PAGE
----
A Collaboration with the University of Pittsburgh

UN calls for ratification of ban on child soldiers

The UN envoy for Children and Armed Conflict [official website] on Monday urged [press release] all nations to ratify a treaty protocol that would criminalize recruitment of child soldiers and set the minimum age of recruitment at 18. The Optional Protocol on the Involvement of Children in Armed Conflict of the Convention on the Rights of the Child [text] seeks to prevent children from taking part in conflicts. In a statement timed to coincide with the 10th anniversary of the Optional Protocol, the Special Representative of the Secretary-General for Children and Armed Conflict Radhika Coomaraswamy, pleaded that all states must ratify the Protocol: "Every country, big or small, with or without a standing army, at peace or in conflict, has a role to play in abolishing the inhumane practice of recruiting and using children in war." The treaty protocol has already been ratified by about three quarters of UN member states and needs ratification in an additional 49 states to make the protocol universal.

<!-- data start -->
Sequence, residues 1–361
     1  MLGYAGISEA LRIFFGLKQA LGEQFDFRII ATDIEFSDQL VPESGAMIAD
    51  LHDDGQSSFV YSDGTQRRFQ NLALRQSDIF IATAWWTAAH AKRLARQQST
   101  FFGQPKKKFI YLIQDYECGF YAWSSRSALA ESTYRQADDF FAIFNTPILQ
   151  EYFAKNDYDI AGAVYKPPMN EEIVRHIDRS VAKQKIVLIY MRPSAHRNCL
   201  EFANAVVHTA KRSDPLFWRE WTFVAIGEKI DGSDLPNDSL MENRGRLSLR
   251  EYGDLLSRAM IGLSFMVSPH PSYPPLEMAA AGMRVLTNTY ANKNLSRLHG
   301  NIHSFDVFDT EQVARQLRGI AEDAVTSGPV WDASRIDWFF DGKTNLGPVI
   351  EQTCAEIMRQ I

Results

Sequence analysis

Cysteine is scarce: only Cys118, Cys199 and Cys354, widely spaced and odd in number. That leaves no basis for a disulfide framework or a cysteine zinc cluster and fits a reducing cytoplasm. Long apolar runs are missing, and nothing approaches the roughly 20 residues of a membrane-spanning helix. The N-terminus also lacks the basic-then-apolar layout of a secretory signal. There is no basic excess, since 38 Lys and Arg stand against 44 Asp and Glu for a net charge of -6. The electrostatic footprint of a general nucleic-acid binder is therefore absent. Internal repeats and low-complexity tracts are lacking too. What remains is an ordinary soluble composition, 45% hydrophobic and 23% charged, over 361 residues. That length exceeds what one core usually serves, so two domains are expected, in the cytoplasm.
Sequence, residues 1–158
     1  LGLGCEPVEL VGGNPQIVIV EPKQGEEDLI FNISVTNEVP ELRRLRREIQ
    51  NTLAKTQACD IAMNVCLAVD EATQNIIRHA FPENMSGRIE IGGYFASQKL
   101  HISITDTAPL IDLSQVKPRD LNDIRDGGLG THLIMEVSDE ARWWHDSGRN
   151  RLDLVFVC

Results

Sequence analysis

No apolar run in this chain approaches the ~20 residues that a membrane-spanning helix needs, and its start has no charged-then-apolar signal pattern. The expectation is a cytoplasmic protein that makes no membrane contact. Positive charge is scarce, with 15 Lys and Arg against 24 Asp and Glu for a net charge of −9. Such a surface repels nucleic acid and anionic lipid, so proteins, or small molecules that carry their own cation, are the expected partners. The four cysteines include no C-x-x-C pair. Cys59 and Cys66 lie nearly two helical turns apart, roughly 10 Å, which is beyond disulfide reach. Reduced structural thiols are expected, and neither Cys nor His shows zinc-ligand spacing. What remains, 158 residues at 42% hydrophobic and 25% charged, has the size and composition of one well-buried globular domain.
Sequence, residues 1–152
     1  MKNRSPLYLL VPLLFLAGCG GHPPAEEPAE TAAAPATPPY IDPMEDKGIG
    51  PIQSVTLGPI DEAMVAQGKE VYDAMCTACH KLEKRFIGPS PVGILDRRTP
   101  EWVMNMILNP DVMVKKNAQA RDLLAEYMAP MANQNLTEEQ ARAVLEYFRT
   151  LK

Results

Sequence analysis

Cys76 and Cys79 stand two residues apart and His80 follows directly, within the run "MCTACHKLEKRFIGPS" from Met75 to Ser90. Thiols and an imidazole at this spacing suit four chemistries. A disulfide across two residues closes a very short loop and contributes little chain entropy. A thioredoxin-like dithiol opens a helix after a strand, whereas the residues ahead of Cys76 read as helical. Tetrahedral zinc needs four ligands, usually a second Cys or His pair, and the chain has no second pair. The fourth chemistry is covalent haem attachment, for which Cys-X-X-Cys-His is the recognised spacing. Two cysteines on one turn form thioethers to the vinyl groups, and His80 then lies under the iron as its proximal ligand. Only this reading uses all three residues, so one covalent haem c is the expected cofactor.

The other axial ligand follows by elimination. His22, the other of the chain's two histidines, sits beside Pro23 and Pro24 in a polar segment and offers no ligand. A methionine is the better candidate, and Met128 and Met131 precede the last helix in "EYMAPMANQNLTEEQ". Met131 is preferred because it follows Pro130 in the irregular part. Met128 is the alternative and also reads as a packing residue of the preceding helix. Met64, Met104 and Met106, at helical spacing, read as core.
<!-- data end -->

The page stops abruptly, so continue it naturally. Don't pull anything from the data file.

The problem of recruitment of child soldiers [JURIST news archives] is ongoing in many nations. In 2006, prosecutors at the International Criminal Court (ICC) [official website] formally charged [JURIST report] Thomas Lubanga, founder of the militant Union of Patriotic Congolese, accusing him of enlisting child soldiers in the violence-plagued Ituri district of the Democratic Republic of the Congo (DRC). His trial began in January 2009 after being delayed for evidentiary reasons and was halted soon after when one of the child witnesses recanted his testimony [JURIST reports] that Lubanga had recruited him for the militia. In August of last year, the ICC concluded [JURIST report] Lubanga's trial after two years. A verdict is expected in the case early this year.

About Paper Chase

Paper Chase is JURIST's real-time legal news service, powered by a team of 30 law student reporters and editors led by law professor Bernard Hibbitts at the University of Pittsburgh School of Law. As an educational service, Paper Chase is dedicated to presenting important legal news and materials rapidly, objectively and intelligibly in an accessible format.

© Copyright JURIST Legal News and Research Services, Inc., 2013.